Anyway, I think that no matter the platform, it’s a good design pattern to give your user a way to trigger a sync by herself as a fallback action when having the data backed up is important.


Let’s not loose sight that PWA are performant and should stay that way.
You should always have performance in view first : the less code the app has to download, parse and execute, the faster it’ll be.
All the PWAs that I’ve built were only HTML, CSS and vanilla Javascript.

Tech Stack / framework

You don’t really need a framework. See “Performance” above.
I read a lot of articles that firmly state that a good PWA is a SPA.

Let me respectfully disagree –along with Alex Russel with all my force and experience:
You might consider going for an MPA + SW architecture until you’ve confirmed that session depth is very deep (think > 10 clicks on average), otherwise the cost of SPA framework JS may not be paid back in terms of user experience.
—Alex Russel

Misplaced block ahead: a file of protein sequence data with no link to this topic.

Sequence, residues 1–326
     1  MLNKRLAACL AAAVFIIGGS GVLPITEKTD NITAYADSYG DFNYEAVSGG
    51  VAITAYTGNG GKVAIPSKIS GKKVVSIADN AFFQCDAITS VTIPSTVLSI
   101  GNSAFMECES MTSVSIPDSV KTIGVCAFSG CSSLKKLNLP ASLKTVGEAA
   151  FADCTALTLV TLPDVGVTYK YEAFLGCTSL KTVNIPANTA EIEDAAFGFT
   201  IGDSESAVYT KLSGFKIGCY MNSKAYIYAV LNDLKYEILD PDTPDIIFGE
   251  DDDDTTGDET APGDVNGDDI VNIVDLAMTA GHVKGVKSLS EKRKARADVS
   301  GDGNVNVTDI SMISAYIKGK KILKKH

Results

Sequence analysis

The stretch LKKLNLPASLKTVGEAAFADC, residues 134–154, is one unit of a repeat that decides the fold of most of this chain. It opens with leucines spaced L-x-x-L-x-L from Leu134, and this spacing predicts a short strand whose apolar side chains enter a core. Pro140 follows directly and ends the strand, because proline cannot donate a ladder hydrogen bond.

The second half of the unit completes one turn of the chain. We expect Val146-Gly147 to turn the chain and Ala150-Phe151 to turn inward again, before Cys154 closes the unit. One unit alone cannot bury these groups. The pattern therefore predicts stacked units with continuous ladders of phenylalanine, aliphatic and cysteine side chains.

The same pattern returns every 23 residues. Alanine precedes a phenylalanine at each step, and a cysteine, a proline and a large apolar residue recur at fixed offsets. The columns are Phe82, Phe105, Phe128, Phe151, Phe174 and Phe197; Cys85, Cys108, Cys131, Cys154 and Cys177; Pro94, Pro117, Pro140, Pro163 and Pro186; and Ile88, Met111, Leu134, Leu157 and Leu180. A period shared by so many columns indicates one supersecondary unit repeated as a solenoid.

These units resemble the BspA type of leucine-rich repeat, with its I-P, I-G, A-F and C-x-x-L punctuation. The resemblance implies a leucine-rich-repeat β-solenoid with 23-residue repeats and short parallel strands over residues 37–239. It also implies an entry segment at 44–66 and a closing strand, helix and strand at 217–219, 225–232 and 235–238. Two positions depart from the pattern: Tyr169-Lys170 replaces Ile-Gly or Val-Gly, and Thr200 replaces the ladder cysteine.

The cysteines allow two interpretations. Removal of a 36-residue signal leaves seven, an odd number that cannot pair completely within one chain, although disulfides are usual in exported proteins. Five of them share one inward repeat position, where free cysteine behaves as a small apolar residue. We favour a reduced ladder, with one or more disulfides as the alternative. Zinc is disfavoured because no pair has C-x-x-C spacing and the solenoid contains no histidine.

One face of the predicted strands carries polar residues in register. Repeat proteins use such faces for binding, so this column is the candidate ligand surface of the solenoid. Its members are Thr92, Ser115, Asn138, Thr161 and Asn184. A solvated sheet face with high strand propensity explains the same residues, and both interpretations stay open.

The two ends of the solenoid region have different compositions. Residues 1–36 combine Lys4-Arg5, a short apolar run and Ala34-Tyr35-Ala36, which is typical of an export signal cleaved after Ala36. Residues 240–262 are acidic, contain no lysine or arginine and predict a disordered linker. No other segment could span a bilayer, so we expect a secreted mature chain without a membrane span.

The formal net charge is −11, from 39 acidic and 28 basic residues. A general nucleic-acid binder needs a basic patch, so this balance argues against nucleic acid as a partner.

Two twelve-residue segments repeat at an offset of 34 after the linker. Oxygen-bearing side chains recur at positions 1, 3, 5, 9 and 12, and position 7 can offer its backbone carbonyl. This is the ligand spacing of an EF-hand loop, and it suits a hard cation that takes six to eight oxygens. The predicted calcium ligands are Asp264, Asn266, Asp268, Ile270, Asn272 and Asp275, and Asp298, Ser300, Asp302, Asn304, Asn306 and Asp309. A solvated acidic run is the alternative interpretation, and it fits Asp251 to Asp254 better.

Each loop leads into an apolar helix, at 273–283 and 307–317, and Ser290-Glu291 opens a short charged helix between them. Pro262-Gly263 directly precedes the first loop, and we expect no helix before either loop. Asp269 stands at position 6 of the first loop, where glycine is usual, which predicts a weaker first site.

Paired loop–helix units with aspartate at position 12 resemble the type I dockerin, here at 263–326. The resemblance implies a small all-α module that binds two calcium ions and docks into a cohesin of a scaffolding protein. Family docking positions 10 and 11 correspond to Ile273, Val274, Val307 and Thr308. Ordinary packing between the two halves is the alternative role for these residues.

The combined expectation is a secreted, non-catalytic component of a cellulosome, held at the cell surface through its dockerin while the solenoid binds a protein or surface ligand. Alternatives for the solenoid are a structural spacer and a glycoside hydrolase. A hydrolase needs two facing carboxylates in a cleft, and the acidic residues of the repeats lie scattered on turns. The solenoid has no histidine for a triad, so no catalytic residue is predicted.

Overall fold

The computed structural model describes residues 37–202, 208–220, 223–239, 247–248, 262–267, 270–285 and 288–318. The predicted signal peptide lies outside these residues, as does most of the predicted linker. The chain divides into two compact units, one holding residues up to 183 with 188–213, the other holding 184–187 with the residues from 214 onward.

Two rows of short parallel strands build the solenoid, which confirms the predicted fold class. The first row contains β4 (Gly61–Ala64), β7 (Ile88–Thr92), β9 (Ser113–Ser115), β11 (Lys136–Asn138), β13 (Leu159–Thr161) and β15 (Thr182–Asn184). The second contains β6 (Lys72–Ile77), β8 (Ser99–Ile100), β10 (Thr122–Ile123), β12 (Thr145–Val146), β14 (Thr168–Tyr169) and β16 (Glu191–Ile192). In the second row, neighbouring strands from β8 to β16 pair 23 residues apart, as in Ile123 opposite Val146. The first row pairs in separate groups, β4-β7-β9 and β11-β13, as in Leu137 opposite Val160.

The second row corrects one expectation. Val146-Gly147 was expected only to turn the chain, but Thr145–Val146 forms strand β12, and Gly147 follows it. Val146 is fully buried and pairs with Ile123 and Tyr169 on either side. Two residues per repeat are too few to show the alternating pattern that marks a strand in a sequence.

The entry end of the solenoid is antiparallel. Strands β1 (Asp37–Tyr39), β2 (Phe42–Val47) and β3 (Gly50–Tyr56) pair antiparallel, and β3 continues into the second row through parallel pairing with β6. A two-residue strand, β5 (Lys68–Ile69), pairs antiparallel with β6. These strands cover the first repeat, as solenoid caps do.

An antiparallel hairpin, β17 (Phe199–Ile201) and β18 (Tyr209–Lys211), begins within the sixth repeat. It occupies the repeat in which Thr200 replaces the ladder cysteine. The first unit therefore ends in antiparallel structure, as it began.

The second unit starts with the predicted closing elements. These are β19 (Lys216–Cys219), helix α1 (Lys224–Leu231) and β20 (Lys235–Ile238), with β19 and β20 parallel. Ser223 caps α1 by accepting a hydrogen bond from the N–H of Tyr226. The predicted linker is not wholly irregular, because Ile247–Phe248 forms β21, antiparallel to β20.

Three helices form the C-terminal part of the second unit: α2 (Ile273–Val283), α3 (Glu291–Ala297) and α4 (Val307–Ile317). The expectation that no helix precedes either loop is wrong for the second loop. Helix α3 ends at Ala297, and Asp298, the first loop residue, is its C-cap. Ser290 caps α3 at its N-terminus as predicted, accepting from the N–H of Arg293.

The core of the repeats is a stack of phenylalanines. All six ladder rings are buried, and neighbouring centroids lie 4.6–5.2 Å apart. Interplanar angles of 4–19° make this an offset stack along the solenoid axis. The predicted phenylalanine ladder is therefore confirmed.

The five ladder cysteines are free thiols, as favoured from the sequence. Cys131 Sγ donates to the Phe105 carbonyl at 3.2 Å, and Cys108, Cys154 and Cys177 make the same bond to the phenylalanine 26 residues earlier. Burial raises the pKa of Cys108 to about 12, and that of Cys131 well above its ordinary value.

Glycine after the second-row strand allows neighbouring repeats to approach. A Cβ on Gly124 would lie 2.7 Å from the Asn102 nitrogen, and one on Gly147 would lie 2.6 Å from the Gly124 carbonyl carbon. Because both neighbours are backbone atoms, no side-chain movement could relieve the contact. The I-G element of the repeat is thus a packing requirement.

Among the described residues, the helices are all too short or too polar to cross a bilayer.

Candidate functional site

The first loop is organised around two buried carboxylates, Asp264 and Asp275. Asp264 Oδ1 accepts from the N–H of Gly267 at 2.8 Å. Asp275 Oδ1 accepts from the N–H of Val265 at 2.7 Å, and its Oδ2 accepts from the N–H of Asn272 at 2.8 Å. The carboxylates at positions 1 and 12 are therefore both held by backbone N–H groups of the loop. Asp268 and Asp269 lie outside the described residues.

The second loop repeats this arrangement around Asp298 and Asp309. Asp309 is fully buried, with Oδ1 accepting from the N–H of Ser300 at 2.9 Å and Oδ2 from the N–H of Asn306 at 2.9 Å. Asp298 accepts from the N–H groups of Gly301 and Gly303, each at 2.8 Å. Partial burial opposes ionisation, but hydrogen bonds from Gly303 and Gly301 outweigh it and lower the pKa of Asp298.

Since the service worker will intercept every navigation from the browser, this will give you basically a router for free.
Said service worker will serve any page directly from the cache storage if you tell it to do so.
Why add a bunch of boilerplate code when all you need is a collection of interactives pages? In the same view, you want to defer managing the app state for as long as you can.

Most of use cases boil down to “enter some data, add some media like photos / audio, store it for later use and submit to service or sync it with a server”.
There is a very slim chance that you’re building an email client or the next FB. Staying lean, shipping as few code as possible will lower the number of bugs, hard corner cases and test scenarios.

Then, PWA or not PWA?

As a recap, you may consider going the PWA route if one or more of these points are true:
  • you want to ship fast
  • you do not have a big budget to spend on development
  • you want to control the distribution of your app
  • your app is task oriented
  • cross platform is mandatory and you have a tight set of requirements
  • you control the devices where the app will run

I host an Office Hour on building PWA. If you have any questions, consider yourself invited. Just head over here to claim your spot.

  1. 1 Progressive Web Apps in the Microsoft Store
  2. 1
  3. 1\
  4. 1
  5. 1 Configuring Multiple Devices Using Profiles, Profile-Specific Payload Keys: Web, profile for configuring web clips on the device
  6. 1 how to use Group Policy to automatically distribute programs to client computers or users
  7. 1 Web Component from the PWABuilder team for an ‘install’ experience